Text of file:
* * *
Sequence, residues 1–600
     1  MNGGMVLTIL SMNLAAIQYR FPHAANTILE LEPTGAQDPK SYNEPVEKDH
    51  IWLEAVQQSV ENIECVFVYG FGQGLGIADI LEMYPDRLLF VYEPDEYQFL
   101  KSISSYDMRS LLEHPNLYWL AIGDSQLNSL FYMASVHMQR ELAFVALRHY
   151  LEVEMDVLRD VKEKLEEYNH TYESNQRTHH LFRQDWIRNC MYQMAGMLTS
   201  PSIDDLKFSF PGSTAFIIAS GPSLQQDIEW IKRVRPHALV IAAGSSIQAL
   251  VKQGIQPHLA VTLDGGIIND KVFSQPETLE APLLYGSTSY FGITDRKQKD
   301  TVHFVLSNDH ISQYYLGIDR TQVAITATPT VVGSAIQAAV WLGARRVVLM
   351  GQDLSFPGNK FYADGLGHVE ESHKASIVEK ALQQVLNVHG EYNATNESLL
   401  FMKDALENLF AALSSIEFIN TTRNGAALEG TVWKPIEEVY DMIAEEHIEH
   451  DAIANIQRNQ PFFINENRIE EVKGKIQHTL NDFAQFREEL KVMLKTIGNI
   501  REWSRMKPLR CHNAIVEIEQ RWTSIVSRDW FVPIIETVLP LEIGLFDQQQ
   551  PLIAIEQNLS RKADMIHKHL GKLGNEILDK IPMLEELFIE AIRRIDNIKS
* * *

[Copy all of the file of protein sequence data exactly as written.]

Sequence, residues 1–600
     1  MNGGMVLTIL SMNLAAIQYR FPHAANTILE LEPTGAQDPK SYNEPVEKDH
    51  IWLEAVQQSV ENIECVFVYG FGQGLGIADI LEMYPDRLLF VYEPDEYQFL
   101  KSISSYDMRS LLEHPNLYWL AIGDSQLNSL FYMASVHMQR ELAFVALRHY
   151  LEVEMDVLRD VKEKLEEYNH TYESNQRTHH LFRQDWIRNC MYQMAGMLTS
   201  PSIDDLKFSF PGSTAFIIAS GPSLQQDIEW IKRVRPHALV IAAGSSIQAL
   251  VKQGIQPHLA VTLDGGIIND KVFSQPETLE APLLYGSTSY FGITDRKQKD
   301  TVHFVLSNDH ISQYYLGIDR TQVAITATPT VVGSAIQAAV WLGARRVVLM
   351  GQDLSFPGNK FYADGLGHVE ESHKASIVEK ALQQVLNVHG EYNATNESLL
   401  FMKDALENLF AALSSIEFIN TTRNGAALEG TVWKPIEEVY DMIAEEHIEH
   451  DAIANIQRNQ PFFINENRIE EVKGKIQHTL NDFAQFREEL KVMLKTIGNI
   501  REWSRMKPLR CHNAIVEIEQ RWTSIVSRDW FVPIIETVLP LEIGLFDQQQ
   551  PLIAIEQNLS RKADMIHKHL GKLGNEILDK IPMLEELFIE AIRRIDNIKS